Heading into the offseason, the Sixers were seemingly on the verge of falling even further behind in the rising Eastern Conference. With the inflated, regrettable Al Horford contract handicapping their free agency plans, the Sixers would have been lucky to add more than a middling bench option- a far cry from the true playmakers they needed to remain competitive.
Things changed quickly, though, when new team president of basketball operations Daryl Morey was onboarded. As impressive as the Sixers have been the last few years- possessors of a 146-91 record over the last three seasons- they simply were not constructed to compete in the ever-evolving NBA landscape, and Morey knew it.
Close but no cigar was the theme far too often during the Brett Brown era and practically became the identity of the team. Aside from the 2018-19 season when they had Jimmy Butler, the Sixers never really posed much of a threat in the postseason. Three years, three playoff berths, three early exits. Despite their best wishes, the Sixers were caught in the vortex of mediocrity that far too many franchises get trapped in.
If the Sixers were ever going to get over the hump, they were going to have to start playing a bit more like the teams on the other side of it. Knowing this, the analytically-driven Morey acted swiftly to transform the slow, post-scoring dependent roster that he inherited into one that better suits the small ball era they play in.
Gone is the horrendous Horford contract, along with his aging bones that often slowed the team’s pace severely. In are sharpshooters Danny Green and Seth Curry, in addition to promising 2020 draft selection, Isaiah Joe.
Morey publicly stated that he believes in the Ben Simmons-Joel Embiid tandem as a championship-caliber pairing and backed up his confidence by surrounding them with shooters.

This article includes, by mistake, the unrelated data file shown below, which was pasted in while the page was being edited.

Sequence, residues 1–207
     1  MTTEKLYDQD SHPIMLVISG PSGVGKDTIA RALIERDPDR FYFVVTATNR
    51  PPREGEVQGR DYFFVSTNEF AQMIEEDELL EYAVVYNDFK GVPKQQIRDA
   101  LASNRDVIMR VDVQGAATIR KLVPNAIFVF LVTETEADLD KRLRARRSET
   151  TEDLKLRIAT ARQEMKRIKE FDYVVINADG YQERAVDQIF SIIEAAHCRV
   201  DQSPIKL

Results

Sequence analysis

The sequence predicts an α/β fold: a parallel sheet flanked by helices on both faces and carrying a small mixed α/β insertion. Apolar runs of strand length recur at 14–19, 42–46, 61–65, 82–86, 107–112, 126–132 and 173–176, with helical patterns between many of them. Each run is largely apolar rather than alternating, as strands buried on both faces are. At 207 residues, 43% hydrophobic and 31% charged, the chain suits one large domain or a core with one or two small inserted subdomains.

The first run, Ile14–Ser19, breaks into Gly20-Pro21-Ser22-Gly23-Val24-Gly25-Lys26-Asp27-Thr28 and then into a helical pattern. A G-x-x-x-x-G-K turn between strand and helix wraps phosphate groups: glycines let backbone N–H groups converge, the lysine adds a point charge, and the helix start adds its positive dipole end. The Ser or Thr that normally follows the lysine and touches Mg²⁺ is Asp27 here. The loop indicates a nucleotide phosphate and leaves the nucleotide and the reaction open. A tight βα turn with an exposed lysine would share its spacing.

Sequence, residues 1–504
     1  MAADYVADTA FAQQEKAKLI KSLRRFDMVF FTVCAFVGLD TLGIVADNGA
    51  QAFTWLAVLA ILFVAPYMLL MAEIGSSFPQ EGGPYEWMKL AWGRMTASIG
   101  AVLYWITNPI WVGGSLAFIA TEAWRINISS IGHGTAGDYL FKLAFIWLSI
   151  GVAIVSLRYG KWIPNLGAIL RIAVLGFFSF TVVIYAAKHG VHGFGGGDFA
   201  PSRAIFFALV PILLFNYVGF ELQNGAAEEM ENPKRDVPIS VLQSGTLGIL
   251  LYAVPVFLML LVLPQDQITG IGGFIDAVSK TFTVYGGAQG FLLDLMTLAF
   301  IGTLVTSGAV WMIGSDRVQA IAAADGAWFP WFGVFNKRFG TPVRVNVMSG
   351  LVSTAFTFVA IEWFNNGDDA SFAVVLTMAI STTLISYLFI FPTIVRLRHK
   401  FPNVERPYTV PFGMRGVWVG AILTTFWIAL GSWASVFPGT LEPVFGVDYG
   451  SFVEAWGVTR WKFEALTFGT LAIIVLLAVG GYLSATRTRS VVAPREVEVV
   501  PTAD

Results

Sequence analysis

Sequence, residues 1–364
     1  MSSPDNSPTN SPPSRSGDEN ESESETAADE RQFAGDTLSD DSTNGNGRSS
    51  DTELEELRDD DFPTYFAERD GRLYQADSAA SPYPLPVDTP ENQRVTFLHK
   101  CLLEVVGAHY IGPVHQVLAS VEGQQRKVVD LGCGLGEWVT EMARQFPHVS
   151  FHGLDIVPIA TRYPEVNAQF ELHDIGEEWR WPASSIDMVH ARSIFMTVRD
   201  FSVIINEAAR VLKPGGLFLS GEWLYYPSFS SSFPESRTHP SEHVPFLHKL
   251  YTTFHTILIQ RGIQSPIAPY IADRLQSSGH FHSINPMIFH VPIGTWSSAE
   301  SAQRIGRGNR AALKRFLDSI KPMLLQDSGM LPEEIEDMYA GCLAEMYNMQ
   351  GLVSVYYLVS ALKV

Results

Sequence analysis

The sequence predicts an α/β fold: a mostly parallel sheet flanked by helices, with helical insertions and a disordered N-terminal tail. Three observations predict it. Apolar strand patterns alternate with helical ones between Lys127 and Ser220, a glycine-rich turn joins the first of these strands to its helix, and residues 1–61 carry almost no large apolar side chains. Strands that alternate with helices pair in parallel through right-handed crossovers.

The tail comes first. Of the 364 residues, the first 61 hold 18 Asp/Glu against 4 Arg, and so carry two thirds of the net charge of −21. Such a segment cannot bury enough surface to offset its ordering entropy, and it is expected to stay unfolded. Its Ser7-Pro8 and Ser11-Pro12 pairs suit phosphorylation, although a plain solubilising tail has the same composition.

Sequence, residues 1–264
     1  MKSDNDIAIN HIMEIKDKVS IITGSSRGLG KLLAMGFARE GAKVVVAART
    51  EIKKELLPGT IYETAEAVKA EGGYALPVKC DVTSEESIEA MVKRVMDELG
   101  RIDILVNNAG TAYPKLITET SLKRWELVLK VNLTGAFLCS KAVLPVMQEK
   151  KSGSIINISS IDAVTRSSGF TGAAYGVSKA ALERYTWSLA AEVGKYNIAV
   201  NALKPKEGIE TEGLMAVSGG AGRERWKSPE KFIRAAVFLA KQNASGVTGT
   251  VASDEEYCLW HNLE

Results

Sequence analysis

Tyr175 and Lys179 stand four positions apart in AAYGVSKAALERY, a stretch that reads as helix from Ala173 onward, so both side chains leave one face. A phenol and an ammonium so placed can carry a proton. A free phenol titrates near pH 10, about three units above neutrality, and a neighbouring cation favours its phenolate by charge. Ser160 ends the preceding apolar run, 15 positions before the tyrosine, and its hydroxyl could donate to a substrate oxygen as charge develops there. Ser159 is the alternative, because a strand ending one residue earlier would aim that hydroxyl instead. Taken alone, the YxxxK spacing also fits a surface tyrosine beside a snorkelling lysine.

Of the 14 active players to make at least 40% from 3 in their career (min. 1,000 3-pt FGA), Morey acquired two in Seth Curry and Danny Green. Surrounding the talented Simmons and Embiid with shooters may seem like the obvious play after years of watching them struggle with floor spacing, but it is also an incredibly analytically-driven decision.
Overseer of perhaps the most three-pointer friendly offense in the league in Houston for a number of years, Morey is no stranger to the success of having a surplus of shooters.
The once 13-year Houston Rockets general manager’s imprint on the franchise will far exceed his tenure and his work in Houston greatly influenced the positionless, small ball realm the NBA has become.
Operating with an extensive knowledge of and admiration for advanced analytics, Morey’s team all but abandoned the middle of the floor, relying heavily on three-point shooting and shots at the rim. Although the transformative change never yielded a championship, the Rockets’ offense was always incredibly potent and the team will be remembered as one of the perennial threats in what was a loaded playoff landscape.
Morey’s reasoning behind stressing the three-point shot stemmed from a fairly simple analytical finding. Three-point shots in basketball are more difficult because they are further away from the basket, but Morey realized that the 50% uplift in points received for the three-point shot (compared to a two-point shot) made it more mathematically efficient than almost all two-point shots other than layups and dunks.
Enticed by his discoverings, Morey worked meticulously to construct a roster to maximize this advantage. The Rockets began cornering the market on sharpshooters, surrounding their MVP James Harden with a three-point friendly, spaced-out offense.
The results worked wonders for the Rockets offense as they etched their names in history. Under Morey, Houston set the record for most three-pointers made by a team in a single season THREE times (2016-17, 2017-18, 2018-19). Additionally, the team also set the record for most team three-pointers made in a single game with 27.
In a conference where Steph Curry and Klay Thompson are rostered on the same team, it was the Rockets that were setting records for their three-point efficiency.
Again, the theme of long-range shooting for the Rockets was not just an inability or unwillingness to do more, but of the analytically-driven methods of Daryl Morey.
Continued on the page below.
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